When you're doing your red line list, think about things that will slap you in the face vs things that are hidden, but possibly crucial.

    In my case I'm happy doing quite a lot of DIY, but I know I'm awful at silicon sealant. I never get it half as neat as the people doing it every day. While that may be one of those things you think "Oh, I can do that myself", for me I know that if it was on the kitchen sink, for example, where I'd be looking at it every day, it'd bug the hell out of me. On the other hand I know that I can fill a gap in the attic insulation "good enough", even though it's a more costly/awkward job.

    Another thing to watch out for is the builders telling you "they'll still be on site for a while" and can "fix that up quickly afterwards". Point out to them that if it's that easy a fix, they should do it in advance. They did come and do a few bits and pieces after for me, but not all of them. 4 years down the line there are still things driving me nuts that I should have pushed harder for at the time.



  • Registered Users Posts: 2,046 ✭✭✭ silver2020


    Builder will want his cash. Chances are he's paying 5-7% interest on development loans.


    I suspect its a lazy foreman and lazy person doing the snags



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  • Registered Users Posts: 1,587 ✭✭✭ almostover


    I've sent the list on to my brother in law who's a carpenter and have asked him what he can and can't do. Your advice is sound, I'll be sticking to my guns most on the item I know neither he or I would feel comfortable doing. That shouldn't have to be the case, but I'm lucky I've help. I've a friend at work too who's an electrician and has offered to help if need be. Others may be not so lucky to have tradespeople friends.



  • Registered Users Posts: 1,587 ✭✭✭ almostover


    That's what I'm hoping but I though the same bavk inesrly September and the builder doesn't seem too rushed in closing the sales. 2 houses have been moved into in the estate and I have been in contact with one of those people. He told me his lease was up and it was accept semi complete snagging or he, his wife and child would have been facing homelessness. It's deplorable behaviour by builders and I bet it's going on nationwide.



  • Registered Users Posts: 3,788 ✭✭✭ enricoh


    Once you move in I don't fancy your chances of getting any joy. A friend worked in the office of a big builder during the tiger and every day he got multiple solicitors letters from disgruntled residents.

    They were all put in the bin unread, they wouldn't even bother finding out who sent them. Easy for me to say but I'd be soured by the whole thing n look elsewhere. Eg Could you pick up a cheap off season air bnb for a couple of months.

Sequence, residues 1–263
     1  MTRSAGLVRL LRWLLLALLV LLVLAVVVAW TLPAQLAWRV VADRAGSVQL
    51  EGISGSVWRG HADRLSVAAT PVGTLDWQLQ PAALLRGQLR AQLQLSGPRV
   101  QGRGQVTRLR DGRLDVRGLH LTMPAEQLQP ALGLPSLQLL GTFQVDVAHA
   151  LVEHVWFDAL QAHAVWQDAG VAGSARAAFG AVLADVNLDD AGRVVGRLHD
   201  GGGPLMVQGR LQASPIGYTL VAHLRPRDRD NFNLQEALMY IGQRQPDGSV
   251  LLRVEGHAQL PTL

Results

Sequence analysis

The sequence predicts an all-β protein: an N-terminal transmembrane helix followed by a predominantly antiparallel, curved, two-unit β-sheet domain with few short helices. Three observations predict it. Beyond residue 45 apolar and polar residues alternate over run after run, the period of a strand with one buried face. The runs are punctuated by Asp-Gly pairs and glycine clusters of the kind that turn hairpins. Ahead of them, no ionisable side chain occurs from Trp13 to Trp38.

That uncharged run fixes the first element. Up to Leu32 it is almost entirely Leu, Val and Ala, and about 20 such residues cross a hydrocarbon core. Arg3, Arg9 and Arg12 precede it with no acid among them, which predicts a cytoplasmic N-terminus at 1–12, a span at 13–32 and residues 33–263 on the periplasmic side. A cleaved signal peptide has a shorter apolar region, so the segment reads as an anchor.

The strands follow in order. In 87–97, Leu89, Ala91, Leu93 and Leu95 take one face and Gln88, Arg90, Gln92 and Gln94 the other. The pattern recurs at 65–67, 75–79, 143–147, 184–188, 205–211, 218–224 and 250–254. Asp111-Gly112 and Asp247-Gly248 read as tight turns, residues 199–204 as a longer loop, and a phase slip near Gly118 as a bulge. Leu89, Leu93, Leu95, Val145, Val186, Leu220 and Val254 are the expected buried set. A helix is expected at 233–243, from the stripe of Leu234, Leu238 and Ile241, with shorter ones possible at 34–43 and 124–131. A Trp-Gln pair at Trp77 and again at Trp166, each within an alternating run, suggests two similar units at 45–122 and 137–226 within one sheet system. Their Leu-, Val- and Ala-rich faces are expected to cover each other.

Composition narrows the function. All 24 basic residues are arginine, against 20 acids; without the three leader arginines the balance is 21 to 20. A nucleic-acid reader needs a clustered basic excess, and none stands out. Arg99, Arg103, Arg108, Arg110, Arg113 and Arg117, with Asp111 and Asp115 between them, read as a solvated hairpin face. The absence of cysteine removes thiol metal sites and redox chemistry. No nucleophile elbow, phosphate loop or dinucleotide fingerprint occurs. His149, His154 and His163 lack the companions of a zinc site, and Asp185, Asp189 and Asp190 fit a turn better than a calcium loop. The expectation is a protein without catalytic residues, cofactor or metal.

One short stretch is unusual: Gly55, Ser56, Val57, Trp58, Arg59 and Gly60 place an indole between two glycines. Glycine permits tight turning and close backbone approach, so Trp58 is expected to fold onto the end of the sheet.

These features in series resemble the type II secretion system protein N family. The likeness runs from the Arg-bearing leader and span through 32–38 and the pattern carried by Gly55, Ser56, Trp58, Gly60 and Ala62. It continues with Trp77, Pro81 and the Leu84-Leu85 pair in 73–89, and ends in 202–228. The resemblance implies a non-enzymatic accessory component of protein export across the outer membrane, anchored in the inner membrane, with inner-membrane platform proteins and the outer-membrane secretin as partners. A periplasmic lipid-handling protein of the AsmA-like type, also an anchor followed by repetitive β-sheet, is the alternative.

• Registered Users Posts: 1,587 ✭✭✭ almostover


    Contracts are signed long before one gets to snag list stage, there's no walking away and we wouldn't want to either. Overall the property is sound, it's some of the finishes are off the mark. We would stand to lose far more money by renting an Air BnB than we would by getting these snags fixed ourselves. I'm not soured by their reluctance to address the snags, frustrated yes. But the current property market won't allowed me to be soured, this isn't a unique case, as both anecdotal evidence from our engineer and some friends would attest to along with some posts here.

    I hear you on the solicitor's letter, we are going to try that avenue once before we move in. We have a warranty for 6 months cover for minor defects and 18 months for major defects post handover. I think perhaps any claims against that warranty may be ignored too but the small claims court can be useful in that respect if one is inclined to dig their heels in.



  • Registered Users Posts: 1,587 ✭✭✭ almostover


    So after issuing a letter through my solicitor complaining about incomplete snags and how long the fixing of snags was taking, I was invited onsite this morning to review with the site foreman. Thankfully the message seemed to have gotten through and the major snags were all remedied. We did a walkthrough and spotted and handful of minor cosmetic snags which the foreman also committed to getting put right in the next couple of days. There are still one or two items externally that are a little untidy but given the nature of the building, it's standing 12 years, I'm happy enough at this stage to close the sale.

    A frustrating experience overall but a good result in the end. It's a pity that snags have to be addressed in this way. It's a major cost to the buyer to have to hire engineers to create snag lists, basically outlining to builders to finish properties the way they should be finished. And for the buyer then to face the frustration of incessant complaining to the builder to get the snags completed. It's something that should be more regulated. It was said to me once that in Ireland one has more rights buying a kettle than one has buying a house. It's a situation that needs changing.